The necklace may also be inconvenient for some patients. “You’re asking someone who may or may not be compliant to now wear a necklace and make sure that necklace is on when they take their medication,” said Jack Fincham, a professor at University of Missouri School of Pharmacy. “Many people, not only females but males, would balk at wearing something day in and day out.”
Nancy Dortzbach, a professional caregiver from Lakeport, N.Y., said she’s had patients with crippling Alzheimer’s or dementia who are too senile to benefit from the necklace. Her current patient, an elderly woman, once took all her pills out of a cabinet and tossed them about her home. When Dortzbach asked what happened, the patient said she could not remember.
But Dortzbach said the necklace would help patients who have limited impairments and memory loss. “People work all their lives, save their money and have to give it all away to caregivers,” Dortzbach said. “There’s a lot of people around the world that wouldn’t need a caregiver if they had that device to remind them to take their medicine.”
Brangman, the doctor of geriatric medicine, said some of her patients already have difficulty using the Life Alert necklace, which features a button elderly people can push in an emergency. “I have patients who forget to push the button or even wear the little device.”
Brangman, who has many patients who take multiple medications, is concerned that swallowing too many magnets could harm patients taking multiple medicines. Ghovanloo said the product tests will address that issue.
“We need to make sure that these magnets stay apart so that they don’t form a blockage in the stomach,” Ghovanloo said. “The coating that we have around this tracer is to make sure that the magnets stay apart.”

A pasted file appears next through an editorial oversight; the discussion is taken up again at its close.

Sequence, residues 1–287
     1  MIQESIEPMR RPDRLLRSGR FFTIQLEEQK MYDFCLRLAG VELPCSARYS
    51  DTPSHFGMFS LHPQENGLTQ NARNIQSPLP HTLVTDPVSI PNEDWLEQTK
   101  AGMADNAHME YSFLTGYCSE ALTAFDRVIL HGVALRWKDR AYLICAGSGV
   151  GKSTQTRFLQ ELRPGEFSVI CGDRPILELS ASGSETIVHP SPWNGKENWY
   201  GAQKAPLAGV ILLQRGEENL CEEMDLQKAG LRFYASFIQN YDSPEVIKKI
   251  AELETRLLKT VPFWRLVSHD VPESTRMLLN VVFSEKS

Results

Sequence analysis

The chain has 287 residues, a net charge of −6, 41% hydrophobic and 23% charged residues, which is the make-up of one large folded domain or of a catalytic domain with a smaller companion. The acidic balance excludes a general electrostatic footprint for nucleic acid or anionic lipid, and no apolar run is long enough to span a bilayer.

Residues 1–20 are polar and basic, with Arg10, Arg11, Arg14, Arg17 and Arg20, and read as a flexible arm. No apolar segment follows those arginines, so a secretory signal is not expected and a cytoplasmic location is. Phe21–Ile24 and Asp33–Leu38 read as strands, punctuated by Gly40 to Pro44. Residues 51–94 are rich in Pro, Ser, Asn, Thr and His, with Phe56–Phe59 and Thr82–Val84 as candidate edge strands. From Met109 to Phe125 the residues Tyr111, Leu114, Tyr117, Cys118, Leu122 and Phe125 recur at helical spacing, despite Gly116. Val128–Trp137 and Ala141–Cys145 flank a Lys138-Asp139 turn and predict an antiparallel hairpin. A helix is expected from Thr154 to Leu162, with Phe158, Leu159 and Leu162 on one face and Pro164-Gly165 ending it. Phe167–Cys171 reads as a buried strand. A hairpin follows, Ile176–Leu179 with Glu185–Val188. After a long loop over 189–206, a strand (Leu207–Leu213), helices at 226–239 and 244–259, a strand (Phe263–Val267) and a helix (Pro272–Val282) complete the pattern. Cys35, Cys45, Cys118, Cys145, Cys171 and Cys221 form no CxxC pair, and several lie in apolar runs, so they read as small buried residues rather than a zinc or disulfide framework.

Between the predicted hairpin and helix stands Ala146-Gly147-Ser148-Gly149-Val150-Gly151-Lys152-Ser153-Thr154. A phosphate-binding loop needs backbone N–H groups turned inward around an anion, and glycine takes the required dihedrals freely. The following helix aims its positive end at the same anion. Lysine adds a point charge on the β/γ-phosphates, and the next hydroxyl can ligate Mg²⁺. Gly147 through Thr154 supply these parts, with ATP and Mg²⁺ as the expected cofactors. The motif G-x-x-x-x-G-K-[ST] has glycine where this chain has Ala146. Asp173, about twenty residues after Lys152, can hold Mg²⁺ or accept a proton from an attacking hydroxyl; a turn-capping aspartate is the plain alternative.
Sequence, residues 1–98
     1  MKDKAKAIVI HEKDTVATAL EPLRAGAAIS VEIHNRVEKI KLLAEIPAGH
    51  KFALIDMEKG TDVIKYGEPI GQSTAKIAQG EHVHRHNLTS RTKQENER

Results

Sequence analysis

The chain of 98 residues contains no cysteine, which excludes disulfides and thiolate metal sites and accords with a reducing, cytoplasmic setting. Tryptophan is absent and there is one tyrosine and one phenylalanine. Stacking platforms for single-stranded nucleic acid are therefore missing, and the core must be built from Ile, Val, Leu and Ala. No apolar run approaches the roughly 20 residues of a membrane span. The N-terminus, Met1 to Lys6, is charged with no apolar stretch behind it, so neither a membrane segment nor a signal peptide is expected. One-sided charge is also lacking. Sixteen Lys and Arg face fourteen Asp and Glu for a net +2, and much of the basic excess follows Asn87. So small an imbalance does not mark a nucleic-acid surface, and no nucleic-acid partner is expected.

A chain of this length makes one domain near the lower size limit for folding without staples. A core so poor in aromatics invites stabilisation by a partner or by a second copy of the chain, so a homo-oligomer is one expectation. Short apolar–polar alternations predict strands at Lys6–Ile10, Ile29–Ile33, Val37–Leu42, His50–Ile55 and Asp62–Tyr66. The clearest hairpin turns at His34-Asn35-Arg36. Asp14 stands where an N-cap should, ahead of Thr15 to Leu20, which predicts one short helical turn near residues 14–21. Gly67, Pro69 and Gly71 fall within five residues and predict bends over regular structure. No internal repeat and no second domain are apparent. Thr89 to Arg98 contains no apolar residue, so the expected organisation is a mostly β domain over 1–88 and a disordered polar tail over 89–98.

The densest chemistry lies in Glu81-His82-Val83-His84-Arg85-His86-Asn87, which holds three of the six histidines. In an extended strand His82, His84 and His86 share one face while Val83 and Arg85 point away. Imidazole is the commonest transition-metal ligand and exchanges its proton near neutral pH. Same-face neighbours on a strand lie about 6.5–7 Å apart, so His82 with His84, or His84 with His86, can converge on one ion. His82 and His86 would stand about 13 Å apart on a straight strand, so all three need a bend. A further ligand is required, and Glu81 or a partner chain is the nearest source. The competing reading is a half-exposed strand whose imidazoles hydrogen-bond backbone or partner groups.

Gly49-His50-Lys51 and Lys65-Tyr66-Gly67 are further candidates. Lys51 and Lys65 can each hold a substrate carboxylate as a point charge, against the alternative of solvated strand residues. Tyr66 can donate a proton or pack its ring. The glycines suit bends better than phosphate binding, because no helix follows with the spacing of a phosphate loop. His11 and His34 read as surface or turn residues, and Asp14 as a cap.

One of the downsides of the current design is that it cannot differentiate between two different types of medications. When Ghovanloo was asked to develop the product by a company he said did not want to be named, he proposed placing an identification chip in every pill similar to the systems used in access cards at universities and businesses. That plan, which could discriminate between pills, was deemed too expensive, he said.
Ghovanloo said the necklace could have other uses. Pharmaceutical companies could use it in drug trials to make sure participants follow their drug regimens.
Or pet owners could employ it to make sure their animals are getting the treatments the need. Dogs, for example, may swallow a pill and then vomit in a hidden place that their owners don’t know about. “If the dog is using this collar, you will see that the tracer has passed again because it can detect the passage of the tracer in either direction,” Ghovanloo said. “So that can tell you whether the dog is cheating you or not.”